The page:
The following information is excerpted from an email Mr. Van Arsdale sent to long-time Gazette contributor Jack McShane:DEC staff and staff from other state wildlife agencies have investigated thousands of reported cougar sightings. The overwhelming majority of the cases in which the animal’s identity could be discerned through physical evidence such as tracks, hair samples, prey carcasses, photos, videos proved to be mistaken identity. Common animals mistaken for cougar include bobcats, domestic cats (with amazing frequency), coyotes, dogs, fox and even deer. Sightings without good physical evidence are of no to very little value because of the preponderance of mistaken identity. Sightings with physical evidence will be investigated by the DEC if we are contacted promptly and are available. Any evidence should be documented by photos with objects for size reference (coin, ruler etc.) and/or permanent objects on the scene, such as trees, so the photo can be attributed to a certain location- for instance, a photo of an animal with just grass or the sky in the background could have been taken anywhere.

Cats almost always bury their feces.  Unless you recognize the telltale mound and dig for such, you have probably found fox/ coyote scat.

Coyotes and foxes tend to have very bushy tails in the winter, while a cougar’s is not “bushy” at any time of the year.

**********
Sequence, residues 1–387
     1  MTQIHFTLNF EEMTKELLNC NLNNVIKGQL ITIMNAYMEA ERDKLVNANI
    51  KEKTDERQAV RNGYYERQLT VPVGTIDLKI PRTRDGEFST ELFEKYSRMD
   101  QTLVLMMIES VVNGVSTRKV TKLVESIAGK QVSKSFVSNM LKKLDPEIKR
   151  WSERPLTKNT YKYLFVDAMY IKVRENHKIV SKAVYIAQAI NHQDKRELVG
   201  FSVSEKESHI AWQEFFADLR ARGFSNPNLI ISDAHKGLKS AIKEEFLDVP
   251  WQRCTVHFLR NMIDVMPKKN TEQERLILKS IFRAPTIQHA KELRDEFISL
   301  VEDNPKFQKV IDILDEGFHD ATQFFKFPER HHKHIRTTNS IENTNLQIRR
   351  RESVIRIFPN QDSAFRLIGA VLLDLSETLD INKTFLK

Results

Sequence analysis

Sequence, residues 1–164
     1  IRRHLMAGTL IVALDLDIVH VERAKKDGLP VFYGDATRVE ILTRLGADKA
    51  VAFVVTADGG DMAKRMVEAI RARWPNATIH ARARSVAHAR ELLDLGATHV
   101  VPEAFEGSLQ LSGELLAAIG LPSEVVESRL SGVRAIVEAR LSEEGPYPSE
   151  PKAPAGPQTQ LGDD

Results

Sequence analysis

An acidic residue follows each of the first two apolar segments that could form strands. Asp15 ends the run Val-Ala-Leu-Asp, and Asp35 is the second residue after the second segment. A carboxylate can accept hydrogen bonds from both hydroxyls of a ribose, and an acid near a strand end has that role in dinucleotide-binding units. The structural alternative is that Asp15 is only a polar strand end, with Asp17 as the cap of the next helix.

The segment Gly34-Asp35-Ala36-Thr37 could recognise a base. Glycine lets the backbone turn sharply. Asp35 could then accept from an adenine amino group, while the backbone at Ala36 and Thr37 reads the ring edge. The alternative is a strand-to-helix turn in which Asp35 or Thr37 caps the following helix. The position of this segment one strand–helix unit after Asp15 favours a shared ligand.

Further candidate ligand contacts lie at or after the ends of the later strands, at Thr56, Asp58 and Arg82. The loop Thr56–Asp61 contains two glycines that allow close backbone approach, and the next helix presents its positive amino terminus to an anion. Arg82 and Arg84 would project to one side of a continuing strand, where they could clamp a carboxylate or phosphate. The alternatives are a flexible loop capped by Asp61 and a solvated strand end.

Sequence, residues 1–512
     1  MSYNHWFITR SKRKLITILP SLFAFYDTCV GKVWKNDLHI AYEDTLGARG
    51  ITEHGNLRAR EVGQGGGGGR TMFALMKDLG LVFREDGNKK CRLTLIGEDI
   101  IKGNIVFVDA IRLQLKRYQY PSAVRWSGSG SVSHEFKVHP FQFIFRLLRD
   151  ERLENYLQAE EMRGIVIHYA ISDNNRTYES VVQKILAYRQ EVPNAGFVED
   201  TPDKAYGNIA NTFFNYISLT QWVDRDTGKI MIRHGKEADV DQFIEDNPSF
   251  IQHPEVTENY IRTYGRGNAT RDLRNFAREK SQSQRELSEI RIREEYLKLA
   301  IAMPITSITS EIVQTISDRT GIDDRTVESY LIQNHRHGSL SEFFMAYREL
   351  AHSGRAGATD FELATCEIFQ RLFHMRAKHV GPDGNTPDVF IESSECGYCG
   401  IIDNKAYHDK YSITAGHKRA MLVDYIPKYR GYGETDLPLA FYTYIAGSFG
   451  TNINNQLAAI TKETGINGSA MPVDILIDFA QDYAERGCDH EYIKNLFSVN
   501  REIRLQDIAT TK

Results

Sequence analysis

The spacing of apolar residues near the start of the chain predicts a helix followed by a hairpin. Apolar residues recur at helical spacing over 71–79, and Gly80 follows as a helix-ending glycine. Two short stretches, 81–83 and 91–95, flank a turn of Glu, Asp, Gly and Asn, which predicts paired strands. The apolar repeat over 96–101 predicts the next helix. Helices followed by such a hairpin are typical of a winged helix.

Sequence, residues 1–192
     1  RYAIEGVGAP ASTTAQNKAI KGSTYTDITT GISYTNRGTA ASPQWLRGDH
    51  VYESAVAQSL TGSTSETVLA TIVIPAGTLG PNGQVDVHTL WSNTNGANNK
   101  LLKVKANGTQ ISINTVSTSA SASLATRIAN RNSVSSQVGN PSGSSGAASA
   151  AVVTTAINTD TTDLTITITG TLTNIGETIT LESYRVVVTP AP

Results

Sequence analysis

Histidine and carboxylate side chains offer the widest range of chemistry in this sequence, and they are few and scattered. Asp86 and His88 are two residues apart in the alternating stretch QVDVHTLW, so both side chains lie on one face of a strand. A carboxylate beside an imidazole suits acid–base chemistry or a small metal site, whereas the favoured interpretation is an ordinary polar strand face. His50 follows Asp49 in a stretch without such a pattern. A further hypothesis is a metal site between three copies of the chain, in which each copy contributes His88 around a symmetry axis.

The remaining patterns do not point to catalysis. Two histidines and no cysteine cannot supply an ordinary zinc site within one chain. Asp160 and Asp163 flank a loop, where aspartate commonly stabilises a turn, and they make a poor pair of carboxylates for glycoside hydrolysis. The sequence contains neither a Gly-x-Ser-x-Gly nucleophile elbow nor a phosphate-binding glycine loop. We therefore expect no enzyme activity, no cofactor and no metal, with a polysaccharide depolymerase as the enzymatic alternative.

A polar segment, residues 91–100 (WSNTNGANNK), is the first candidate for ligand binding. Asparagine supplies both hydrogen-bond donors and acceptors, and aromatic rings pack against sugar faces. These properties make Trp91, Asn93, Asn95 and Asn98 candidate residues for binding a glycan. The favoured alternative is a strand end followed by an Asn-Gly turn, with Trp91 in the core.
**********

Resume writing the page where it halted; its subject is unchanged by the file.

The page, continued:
We have documented cougar mistaken identity by experienced hunters, forest rangers, a very experienced wildlife biologist and graduates of good college wildlife programs.

Cougar (mountain lion, puma, catamount, painter, panther) sightings have been documented throughout NY’s history. The last known wild specimen was killed by a houndsman in 1894. No wild cougars have been documented in NY since then, either from carcasses or other physical evidence (I know of two cases, possibly three, where domesticated cougars were at large for a short while). Hundreds of eyewitness accounts were reported to the then Conservation Department per year in the 1960’s, and has continued through today. Still no hard physical evidence. Contrast that with an intensively monitored cougar population in the South Dakota Black Hills, believed to be about 200 individual animals total. In 2006, 46 cougar carcasses (dead cougars) from this population were documented and examined. In 2007, 57 carcasses were documented. Many of these were road kills.  NY has a much higher road/traffic density, even in Andes. No wild cougar carcasses have been documented since 1894.  No wild cougar sign has been confirmed, yet such is relatively easy to find in known cougar habitat.

There is always a chance of an escaped or released captive-origin cougar at large. For this reason I NEVER tell people they absolutely didn’t see one unless the evidence proves so. The western US population is heading east. One day they may well be back in NY. They aren’t here yet though (they still have 1,000 or so miles to go) and it is highly unlikely they would make it to Andes before being detected closer to the State border.

If I had to make a bet as to what [Andes residents claim to have ] observed, I’d say fox pups. Fox are much more tolerant of people in general and more likely to allow young near people’s homes. Coyotes and bobcats generally keep their youngsters well away, although either bobcat kittens or coyote pups wouldn’t be much of a stretch.

House cats are also very possible. It may seem ridiculous to accuse somebody of confusing such animals with a cougar, but I have personally documented such many times, as have many other wildlife professionals.

For more information on this subject, Scott suggests the following websites:

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